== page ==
Question Five. Any other information?

Yes, indeed. To stress the positive, move matters forward (and to assist learning) I enclose the link to a new parliamentary e-petition I have launched which calls for the government to change the Learning and Development Requirements to recommendations only with immediate effect. As part of the reflective learning process which educationalists are expected to engage in, perhaps you would consider joining us with your signature in support. That would certainly go some way to improving communication all round.

We would welcome your support in this matter and you would certainly be in good company. I was very proud and pleased to see Dr. Richard House was the very first person to join me in this petition and we expect not a small number of early years practitioners, concerned citizens and parents will follow his lead.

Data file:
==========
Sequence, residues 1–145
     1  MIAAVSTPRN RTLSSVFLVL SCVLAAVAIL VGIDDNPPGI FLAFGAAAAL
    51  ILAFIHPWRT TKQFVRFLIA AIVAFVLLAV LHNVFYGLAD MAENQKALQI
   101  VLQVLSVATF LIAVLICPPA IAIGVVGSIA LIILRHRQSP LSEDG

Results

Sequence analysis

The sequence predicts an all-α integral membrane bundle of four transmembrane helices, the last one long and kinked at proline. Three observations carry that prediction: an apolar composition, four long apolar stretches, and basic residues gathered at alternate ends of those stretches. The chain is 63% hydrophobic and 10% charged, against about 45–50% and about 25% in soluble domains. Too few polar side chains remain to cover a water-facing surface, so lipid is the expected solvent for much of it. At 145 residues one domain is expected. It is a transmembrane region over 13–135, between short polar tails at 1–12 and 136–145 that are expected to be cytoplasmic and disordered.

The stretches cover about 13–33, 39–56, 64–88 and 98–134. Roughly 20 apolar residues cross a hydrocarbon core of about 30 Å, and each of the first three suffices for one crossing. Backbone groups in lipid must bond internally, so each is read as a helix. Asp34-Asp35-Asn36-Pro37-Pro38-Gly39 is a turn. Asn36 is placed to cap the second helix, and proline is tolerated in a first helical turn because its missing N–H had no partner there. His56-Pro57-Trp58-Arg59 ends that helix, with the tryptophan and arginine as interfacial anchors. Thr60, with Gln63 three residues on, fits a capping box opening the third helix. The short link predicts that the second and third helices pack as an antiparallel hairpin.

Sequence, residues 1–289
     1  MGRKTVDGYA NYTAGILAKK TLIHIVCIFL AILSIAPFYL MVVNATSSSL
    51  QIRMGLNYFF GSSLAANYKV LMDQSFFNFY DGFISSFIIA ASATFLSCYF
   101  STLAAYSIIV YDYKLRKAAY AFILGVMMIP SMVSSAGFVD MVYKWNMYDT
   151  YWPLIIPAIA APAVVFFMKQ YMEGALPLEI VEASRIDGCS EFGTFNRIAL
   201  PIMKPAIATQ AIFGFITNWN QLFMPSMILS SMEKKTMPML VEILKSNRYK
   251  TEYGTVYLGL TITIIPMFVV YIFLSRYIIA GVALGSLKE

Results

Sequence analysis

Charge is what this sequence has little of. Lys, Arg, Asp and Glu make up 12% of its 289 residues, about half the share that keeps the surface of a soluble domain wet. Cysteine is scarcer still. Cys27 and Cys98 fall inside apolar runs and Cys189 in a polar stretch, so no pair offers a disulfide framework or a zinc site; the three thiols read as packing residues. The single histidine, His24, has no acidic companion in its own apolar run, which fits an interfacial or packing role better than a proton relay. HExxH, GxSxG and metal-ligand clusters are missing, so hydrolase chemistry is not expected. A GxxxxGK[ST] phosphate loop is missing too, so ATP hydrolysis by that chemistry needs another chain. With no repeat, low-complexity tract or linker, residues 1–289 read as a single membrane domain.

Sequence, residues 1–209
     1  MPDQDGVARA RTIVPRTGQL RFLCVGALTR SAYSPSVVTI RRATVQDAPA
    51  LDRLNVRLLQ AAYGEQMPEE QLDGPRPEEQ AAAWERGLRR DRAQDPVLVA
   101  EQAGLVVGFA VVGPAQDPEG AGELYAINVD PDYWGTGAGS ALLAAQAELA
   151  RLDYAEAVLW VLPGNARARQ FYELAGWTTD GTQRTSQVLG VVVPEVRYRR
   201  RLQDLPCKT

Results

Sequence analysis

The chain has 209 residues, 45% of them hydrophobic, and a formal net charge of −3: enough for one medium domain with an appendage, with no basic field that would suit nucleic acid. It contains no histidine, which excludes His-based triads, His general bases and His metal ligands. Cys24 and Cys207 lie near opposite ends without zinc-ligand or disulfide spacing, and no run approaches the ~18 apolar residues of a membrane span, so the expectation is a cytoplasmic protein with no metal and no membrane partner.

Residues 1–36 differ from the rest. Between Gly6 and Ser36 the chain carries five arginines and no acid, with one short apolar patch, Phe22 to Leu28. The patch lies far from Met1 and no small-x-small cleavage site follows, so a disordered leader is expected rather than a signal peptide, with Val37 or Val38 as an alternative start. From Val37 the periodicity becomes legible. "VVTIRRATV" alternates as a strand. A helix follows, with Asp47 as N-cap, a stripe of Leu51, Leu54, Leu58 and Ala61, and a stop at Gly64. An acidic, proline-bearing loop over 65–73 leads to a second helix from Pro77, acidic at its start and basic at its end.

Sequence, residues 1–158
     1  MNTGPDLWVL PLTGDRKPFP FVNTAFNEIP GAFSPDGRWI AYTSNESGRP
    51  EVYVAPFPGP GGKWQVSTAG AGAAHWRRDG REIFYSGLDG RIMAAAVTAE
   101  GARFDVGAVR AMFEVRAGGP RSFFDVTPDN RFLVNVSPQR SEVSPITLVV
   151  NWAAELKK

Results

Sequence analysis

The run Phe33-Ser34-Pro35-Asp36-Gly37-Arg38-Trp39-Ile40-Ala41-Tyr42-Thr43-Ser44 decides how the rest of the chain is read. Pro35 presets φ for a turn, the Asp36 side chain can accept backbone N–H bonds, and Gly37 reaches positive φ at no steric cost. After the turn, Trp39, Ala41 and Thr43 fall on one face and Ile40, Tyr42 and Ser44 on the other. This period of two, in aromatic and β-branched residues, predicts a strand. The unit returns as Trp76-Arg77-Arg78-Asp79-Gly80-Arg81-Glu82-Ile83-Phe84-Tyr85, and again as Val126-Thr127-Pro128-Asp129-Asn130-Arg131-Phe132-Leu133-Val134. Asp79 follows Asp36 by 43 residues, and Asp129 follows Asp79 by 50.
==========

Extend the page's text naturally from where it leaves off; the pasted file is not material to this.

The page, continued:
Here’s the link to that Parliamentary Petition again, I have kept it brief and it  reads as follows:

“We the undersigned petition the Prime Minister to change the sixty-nine compulsory Early Years Foundation Stage Learning and Development Requirements (targets applied to children from birth to five in nurseries, schools and other early years settings) to recommendations and guidelines only”. More details

Submitted by Frances Laing of Mother of one child aged four years and three months, writer, blogger, journalist

To sign the petition click on this link:

http://petitions.number10.gov.uk/parentsguideeyfs/

Yours faithfully,

Frances Laing

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One response to this post.

  1. Keep at it! Your refusal to lie down and let things happen without a fight is an inspiration. Loved your responses to that questionnaire.

    Reply